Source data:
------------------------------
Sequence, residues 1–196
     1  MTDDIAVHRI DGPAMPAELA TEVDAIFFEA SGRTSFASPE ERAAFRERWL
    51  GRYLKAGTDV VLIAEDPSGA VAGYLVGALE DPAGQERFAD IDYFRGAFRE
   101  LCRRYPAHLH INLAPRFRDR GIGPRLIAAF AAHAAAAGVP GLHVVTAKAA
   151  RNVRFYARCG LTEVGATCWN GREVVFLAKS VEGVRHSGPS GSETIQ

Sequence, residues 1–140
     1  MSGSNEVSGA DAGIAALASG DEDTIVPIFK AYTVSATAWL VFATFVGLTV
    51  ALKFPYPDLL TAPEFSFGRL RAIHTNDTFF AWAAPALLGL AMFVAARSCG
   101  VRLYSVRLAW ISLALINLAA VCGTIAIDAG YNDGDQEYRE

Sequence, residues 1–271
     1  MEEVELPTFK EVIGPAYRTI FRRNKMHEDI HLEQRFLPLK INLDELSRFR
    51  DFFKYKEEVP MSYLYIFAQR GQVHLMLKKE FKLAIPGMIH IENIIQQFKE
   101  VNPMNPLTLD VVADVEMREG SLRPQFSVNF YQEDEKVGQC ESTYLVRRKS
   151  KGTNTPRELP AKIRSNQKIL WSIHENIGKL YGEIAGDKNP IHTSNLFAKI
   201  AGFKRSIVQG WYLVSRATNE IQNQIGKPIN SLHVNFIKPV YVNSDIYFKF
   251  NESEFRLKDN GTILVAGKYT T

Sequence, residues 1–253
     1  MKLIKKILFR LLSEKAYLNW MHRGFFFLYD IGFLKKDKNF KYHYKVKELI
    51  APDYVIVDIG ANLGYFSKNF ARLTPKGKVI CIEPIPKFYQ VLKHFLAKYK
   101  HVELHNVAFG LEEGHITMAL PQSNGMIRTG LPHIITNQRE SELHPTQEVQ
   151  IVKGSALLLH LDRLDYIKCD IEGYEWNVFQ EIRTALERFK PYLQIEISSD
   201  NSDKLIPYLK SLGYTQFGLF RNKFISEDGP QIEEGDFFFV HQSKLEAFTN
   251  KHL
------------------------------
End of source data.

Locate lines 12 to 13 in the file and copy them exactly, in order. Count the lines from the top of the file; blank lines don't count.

    51  DFFKYKEEVP MSYLYIFAQR GQVHLMLKKE FKLAIPGMIH IENIIQQFKE
   101  VNPMNPLTLD VVADVEMREG SLRPQFSVNF YQEDEKVGQC ESTYLVRRKS